Indian Nations Law Update - April 2022April 25, 2022
Selected Court Decisions
In Friends of Alaska National Wildlife Refuges v. Haaland, 2022 WL 793023 (9th Cir. 2022), the Native Village of King Cove was about 18 miles from the city of Cold Bay, Alaska, but no road connected them. King Cove desired to build a road through the Izembek National Wildlife Refuge to facilitate access to Cold Bay’s larger, all-weather airport to facilitate medical evacuations. In 2019, the Secretary of Interior entered into an agreement with King Cove Corporation under which King Cove would transfer to the United States certain lands within the Izembek and Alaska Peninsula National Wildlife Refuges and relinquish its selection rights to certain other lands within the Izembek Refuge and, in exchange, receive a corridor of less than 500 acres through the Izembek Refuge. As authority for the transfer, the Secretary cited a provision of the Alaska National Interest Lands Conservation Act (ANILCA), authorized the Secretary of Interior “in acquiring lands for the purposes of [ANILCA],” to exchange lands with Alaska Native village corporations. Environmental groups challenged the decision under the Administrative Procedure Act. The district court invalidated the agreement, holding that the ANILCA’s purposes were “preservation and subsistence.” The Ninth Circuit reversed: “[O]ther purposes are set out in section 3101(d), which states that ANILCA ‘provides sufficient protection for the national interest in the scenic, natural, cultural and environmental values on the public lands in Alaska, and at the same time provides adequate opportunity for satisfaction of the economic and social needs of the State of Alaska and its people’—the purposes the Secretary invoked here.”
In Chegup v. Ute Indian Tribe of Uintah and Ouray Reservation, (10th Cir. 2022), the Ute Indian Tribe of the Uintah and Ouray Reservation (Tribe) temporarily banished Chegup, Amboh, Jenkins, and Kozlowicz. The banished members responded by filing a petition for habeas corpus relief in federal court, contending that, because they were excluded from the reservation by virtue of their banishment, they were “detained” within the meaning of the Indian Civil Rights Act of 1968 (ICRA). The district court dismissed for lack of jurisdiction on the ground that they had not been “detained” for purposes of the ICRA. Tenth Circuit held that the district court should not have reached the detention issue but should have dismissed because the petitioners failed to exhaust tribal court remedies: “Respect for tribal sovereignty required that, before the court below decided this complex and difficult question about the scope of ICRA habeas, the banished members must have either exhausted their tribal remedies or met the heavy burden of demonstrating why they had not. Even though tribal exhaustion is non-jurisdictional, and courts may often choose between threshold grounds for denying relief, we think that under the unique circumstances of this case there was a right choice. … On the Tribe’s facial showing of the banished members’ failure to exhaust tribal remedies to this degree, combined with the absence of a strong case that an exception applies and the other factors we discuss, we think this is the rare case in which a district court may not pass over the exhaustion issue in favor of other matters, even when they lead to dismissal. … Our prior discussion of the basis for tribal exhaustion and the interests that it serves illustrates the comparative importance of that doctrine and underscores why the district court should have started with it in a case that so clearly presented the issue, as well as the other features we discuss.”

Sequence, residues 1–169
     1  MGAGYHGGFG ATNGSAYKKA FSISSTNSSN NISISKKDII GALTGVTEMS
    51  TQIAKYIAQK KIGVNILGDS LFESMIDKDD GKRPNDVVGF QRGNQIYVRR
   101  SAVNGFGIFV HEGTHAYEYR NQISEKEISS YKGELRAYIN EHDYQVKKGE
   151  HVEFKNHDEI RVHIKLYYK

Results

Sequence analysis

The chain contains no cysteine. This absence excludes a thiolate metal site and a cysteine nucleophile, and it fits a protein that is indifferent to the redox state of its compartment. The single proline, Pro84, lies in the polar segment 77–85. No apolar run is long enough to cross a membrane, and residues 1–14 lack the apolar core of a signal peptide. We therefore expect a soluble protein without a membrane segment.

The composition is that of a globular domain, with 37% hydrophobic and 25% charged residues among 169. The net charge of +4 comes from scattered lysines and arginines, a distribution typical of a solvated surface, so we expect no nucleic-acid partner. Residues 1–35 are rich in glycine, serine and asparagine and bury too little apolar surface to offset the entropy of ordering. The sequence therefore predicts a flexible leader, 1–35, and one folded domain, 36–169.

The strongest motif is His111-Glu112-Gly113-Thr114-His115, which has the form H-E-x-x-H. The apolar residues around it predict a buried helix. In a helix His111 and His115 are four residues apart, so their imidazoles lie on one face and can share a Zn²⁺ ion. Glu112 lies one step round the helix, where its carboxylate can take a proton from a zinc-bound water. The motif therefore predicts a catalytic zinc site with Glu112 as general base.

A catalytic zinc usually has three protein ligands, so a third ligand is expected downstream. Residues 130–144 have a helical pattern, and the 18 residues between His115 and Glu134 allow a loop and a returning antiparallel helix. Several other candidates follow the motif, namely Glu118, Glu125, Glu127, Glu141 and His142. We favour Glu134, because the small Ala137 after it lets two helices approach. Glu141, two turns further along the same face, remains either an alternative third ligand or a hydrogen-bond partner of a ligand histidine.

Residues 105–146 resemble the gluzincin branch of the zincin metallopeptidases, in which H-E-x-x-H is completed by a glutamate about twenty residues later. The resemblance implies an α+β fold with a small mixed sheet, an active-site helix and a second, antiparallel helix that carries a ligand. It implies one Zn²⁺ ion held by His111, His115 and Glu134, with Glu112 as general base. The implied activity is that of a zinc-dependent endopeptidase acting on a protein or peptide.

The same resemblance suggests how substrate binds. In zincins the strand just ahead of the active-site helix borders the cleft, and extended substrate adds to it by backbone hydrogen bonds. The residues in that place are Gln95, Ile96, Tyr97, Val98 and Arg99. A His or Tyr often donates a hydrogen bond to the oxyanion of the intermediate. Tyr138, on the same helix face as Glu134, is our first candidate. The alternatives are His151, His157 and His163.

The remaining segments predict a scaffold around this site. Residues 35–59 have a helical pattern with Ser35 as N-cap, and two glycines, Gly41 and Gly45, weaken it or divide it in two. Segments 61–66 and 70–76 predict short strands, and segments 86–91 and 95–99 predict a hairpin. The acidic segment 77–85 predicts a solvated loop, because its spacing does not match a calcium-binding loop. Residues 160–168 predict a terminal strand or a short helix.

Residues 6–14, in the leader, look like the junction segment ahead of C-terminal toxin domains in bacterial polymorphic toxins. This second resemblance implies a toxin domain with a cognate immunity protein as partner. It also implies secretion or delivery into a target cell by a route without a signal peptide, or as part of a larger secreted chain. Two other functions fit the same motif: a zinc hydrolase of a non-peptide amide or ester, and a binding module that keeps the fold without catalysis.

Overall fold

In Navajo Nation v. U.S. Department of the Interior, 26 F.4th 794 (2022), the Navajo Nation sued the Department of Interior (DOI), Secretary of Interior, Bureau of Reclamation (BOR), Bureau of Indian Affairs (BIA), and water districts, claiming that United States breached its trust obligation to assert and protect the Nation’s reserved water rights and violated National Environmental Policy Act (NEPA) and Administrative Procedure Act (APA) by failing to consider the Nation’s as-yet-unquantified water rights in managing the Colorado River in issuing DOI’s guidelines clarifying how it determined whether there would be sufficient water to satisfy amounts budgeted among Lower Basin states and whether and how much surplus water would be available. Arizona, Nevada, and various state water, irrigation, and agricultural districts and authorities intervened. The District Court granted government’s motion to dismiss for the Nation’s suit for lack of subject matter jurisdiction but the Ninth Circuit reversed, holding that the District Court had jurisdiction, the Nation’s breach of trust claim was not barred by res judicata based on previous ruling allocating Colorado River waters and the Nation’s proposed amended complaint adequately state a breach of trust claim under the Winters doctrine: “Although the Supreme Court retained original jurisdiction over water rights claims to the Colorado River in Arizona I, the Nation’s complaint does not seek a judicial quantification of rights to the River, so we need not decide whether the Supreme Court’s retained jurisdiction is exclusive. And contrary to the Intervenors’ arguments on appeal, the Nation’s claim is not barred by res judicata, despite the federal government’s representation of the Nation in Arizona I. Finally, the District Court erred in denying the Nation’s motion to amend and in dismissing the Nation’s complaint, because the complaint properly stated a breach of trust claim premised on the Nation’s treaties with the United States and the Nation’s federally reserved Winters rights, especially when considered along with the Federal Appellees’ pervasive control over the Colorado River. … Under the Winters doctrine, when the Federal Government withdraws its land from the public domain for the purpose of establishing an Indian reservation, the Government, by implication, reserves appurtenant water then unappropriated to the extent needed to accomplish the purpose of the reservation. … Winters rights are necessarily implied in each treaty in which the government took land from Native Americans and established reservations that were to be permanent homes for them. That was the case with the Nation’s reservation. Federal Appellees have an irreversible and dramatically important trust duty requiring them to ensure adequate water for the health and safety of the Navajo Nation’s inhabitants in their permanent home reservation.” (Internal quotations and citations omitted.)